I also went digging in the freezer and pulled out a box of precooked, heat-and-serve Corky's ribs I'd bought at an area Kroger a few months ago intending to try them. Then things went completely meat crazy when a friend of mine who writes for the Go Carnivore blog and whose wife was out of town with mine decided to have a cookout in his backyard. I thawed out a venison shoulder I had in the freezer and smoked it as my contribution to that feast. (Step-by-step on the smoked venison shoulder is at the bottom of the post if you came here Googling that).
I bought the Corky's frozen ribs on a whim a few months ago curious to see if they were worth eating. I knew they couldn't be worse than a McRib or a pork rib MRE.
Before I could heat up the ribs I had to cook my greens. I normally start out by boiling salt pork in water for about 20 minutes. Easy Way was out of salt pork so I got salt cured pork fat back instead. Salt pork is made from the belly fat of the pig while fat back is from the back. Either one is fine for flavoring greens. I also add a big scoop of bacon grease. With the fat back I had to add more salt latter than I normally do with salt pork. A friend recently mentioned that he boils his greens in beer so I gave that a try as well. He mentioned that any light domestic swill will work. I ended up using about three cans of Bud Light to cover the fat back. It did add a nice extra dimension of flavor to the finished product.
The most time consuming part of cooking collard greens is cutting out the thick middle stalks. I used two bunches of collards and one bunch of mustard greens. And I always add a diced jalapeno or two along with some crushed red pepper flakes. The collards cooked for a couple hours while I added the mustard greens in with just a couple hours to go.
If you've ever cooked Southern greens, or spinach, or kale, you understand how you can start with an overflowing pot like this...
...And end up with this after they cook down.
This is how the vacuum-sealed Corky's ribs look when you pull them out of the box.
The instructions on the Corky's ribs said to lay them on foil on a baking tray and then add all the additional sauce from the pouch. The nutrition facts showed that this approach gives you 22 grams of sugar for every three rib bones. No thanks. I used as little of the sauce as possible, even wiping a lot of it off with a paper towel.
The instructions said to sprinkle the ribs with Corky's dry rub after cooking for dry ribs. During a recent stop at Latham's Meat Company I'd picked up some of that restaurant's dry rub so I used it on half the slab. I like the dry rub Corky's uses in its restaurants, but the Latham's rub is what I had on hand.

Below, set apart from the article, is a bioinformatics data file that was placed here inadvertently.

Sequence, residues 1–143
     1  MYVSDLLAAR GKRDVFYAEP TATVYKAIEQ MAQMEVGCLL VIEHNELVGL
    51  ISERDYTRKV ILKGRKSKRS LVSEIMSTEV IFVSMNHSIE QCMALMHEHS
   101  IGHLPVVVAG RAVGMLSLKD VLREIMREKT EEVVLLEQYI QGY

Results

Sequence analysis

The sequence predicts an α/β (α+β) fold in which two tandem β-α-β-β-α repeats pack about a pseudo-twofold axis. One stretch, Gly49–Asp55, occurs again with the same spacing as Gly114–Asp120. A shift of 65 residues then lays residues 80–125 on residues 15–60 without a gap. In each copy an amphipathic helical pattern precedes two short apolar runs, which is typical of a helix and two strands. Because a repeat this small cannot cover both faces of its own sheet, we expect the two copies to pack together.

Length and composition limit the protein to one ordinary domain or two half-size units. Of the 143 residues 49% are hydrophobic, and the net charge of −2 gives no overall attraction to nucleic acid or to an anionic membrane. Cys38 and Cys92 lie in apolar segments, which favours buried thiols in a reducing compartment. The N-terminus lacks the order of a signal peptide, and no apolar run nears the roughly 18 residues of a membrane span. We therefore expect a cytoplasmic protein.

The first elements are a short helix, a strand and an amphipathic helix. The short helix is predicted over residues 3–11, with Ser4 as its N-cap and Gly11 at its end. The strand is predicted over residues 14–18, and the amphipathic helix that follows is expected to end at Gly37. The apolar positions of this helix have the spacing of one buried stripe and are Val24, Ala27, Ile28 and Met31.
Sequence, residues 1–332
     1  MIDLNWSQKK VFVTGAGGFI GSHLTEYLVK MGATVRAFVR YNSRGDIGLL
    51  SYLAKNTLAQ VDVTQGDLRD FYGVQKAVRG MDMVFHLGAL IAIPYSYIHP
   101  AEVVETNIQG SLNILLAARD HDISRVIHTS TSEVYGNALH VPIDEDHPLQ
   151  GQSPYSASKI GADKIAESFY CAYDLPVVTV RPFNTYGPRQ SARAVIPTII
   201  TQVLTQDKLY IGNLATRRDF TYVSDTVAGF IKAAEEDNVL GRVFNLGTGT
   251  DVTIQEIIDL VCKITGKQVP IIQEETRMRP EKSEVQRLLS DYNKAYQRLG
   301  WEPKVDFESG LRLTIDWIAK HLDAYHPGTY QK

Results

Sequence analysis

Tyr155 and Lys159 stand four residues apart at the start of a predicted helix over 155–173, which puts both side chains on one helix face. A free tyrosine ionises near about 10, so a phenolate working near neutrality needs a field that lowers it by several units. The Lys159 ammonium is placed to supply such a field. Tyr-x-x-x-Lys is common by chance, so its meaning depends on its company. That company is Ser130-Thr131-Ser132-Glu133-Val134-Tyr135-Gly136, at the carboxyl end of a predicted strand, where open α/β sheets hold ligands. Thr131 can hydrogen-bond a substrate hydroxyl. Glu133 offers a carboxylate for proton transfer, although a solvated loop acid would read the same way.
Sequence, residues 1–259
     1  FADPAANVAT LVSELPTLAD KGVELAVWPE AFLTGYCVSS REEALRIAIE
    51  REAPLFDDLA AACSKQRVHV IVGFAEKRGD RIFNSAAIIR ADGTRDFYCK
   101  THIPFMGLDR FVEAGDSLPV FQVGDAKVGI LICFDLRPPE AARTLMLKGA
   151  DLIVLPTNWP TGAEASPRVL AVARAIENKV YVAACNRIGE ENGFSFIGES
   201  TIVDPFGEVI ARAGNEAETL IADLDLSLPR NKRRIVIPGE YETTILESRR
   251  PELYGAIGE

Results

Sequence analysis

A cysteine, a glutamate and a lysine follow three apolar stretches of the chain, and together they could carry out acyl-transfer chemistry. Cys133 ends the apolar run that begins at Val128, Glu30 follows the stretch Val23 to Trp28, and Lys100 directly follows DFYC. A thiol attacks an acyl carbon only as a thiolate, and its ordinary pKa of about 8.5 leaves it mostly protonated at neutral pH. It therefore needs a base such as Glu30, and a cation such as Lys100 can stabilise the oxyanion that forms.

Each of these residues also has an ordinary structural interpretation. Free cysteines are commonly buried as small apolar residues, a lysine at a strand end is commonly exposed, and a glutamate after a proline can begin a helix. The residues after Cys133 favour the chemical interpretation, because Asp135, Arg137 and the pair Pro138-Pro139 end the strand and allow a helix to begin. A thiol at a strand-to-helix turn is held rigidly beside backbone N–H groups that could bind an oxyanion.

Interestingly, as much as I love the dry ribs at Latham's, the section of my Corky's ribs with it added tasted way too salty. But the ribs at Latham's don't come with the heavy dusting of rub you see on most restaurants' dry ribs.
The ribs had a nice smoke flavor but were a little dry and tough. That might have come from following the instructions to cook them uncovered but not using much of the sauce. I wrapped the leftovers in foil when I reheated them and they ended up better than my first meal. Overall the frozen ribs were pretty okay, but I don't understand the point of buying them here in Memphis where good fresh ribs are so readily available.
Back in December my friends at Go Carnivore gave me a venison shoulder and said they wanted to see what I could do with it on a smoker. I had been hesitant to try it out of fear of ruining it since venison is so much leaner than the pork meat I was used to cooking on my smoker. But we had a ridiculous amount of food lined up for our cookout so I was able to experiment with little pressure since there would still be plenty to eat even if the shoulder turned out inedible.
We had guys steadily showing up with smokers, each cooking enough to feed everyone there. This is Memphis. We know how to overdo it at a backyard barbecue.
The day before the cookout I'd rubbed the venison shoulder with a heavy coat of pork lard before rubbing it with a mix of mustard, apple cider vinegar and homemade dry rub from my friend Travis.
I smoked it in the same $40 Brinkmann smoker I use for pork. Good barbecue doesn't require expensive equipment. Just attention to detail. I used a mix of lump charcoal and hickory wood.
Be on the lookout for black widow spiders this time of year in the South. I caught this beast living in my smoker when I went to set it up.
Every hour I melted a generous amount of pork lard in a pan on my stove and used it to baste the shoulder before spraying it with pineapple juice and apple cider vinegar.
The total cook time was nine hours; three hours on each side then three hours wrapped in foil. I gave it another good coat of pork lard followed by a coat of barbecue sauce before putting it in the foil. I don't know an exact temperature, but I tried to keep things on the low side of the "ideal" section on the Brinkmann's cheapo temp gauge.
I had no idea what the end result was going to be like when I unwrapped it, but it turned out great.
It ended up being similar to good brisket, with a nice bark and good smoke penetration. The meat stayed tender and moist, which I attribute to the powers of pork lard. Everyone devoured it with no added sauce.
I was feeling generous so I also caught a house fly to feed the black widow I'd caught in my smoker so it could feast as well.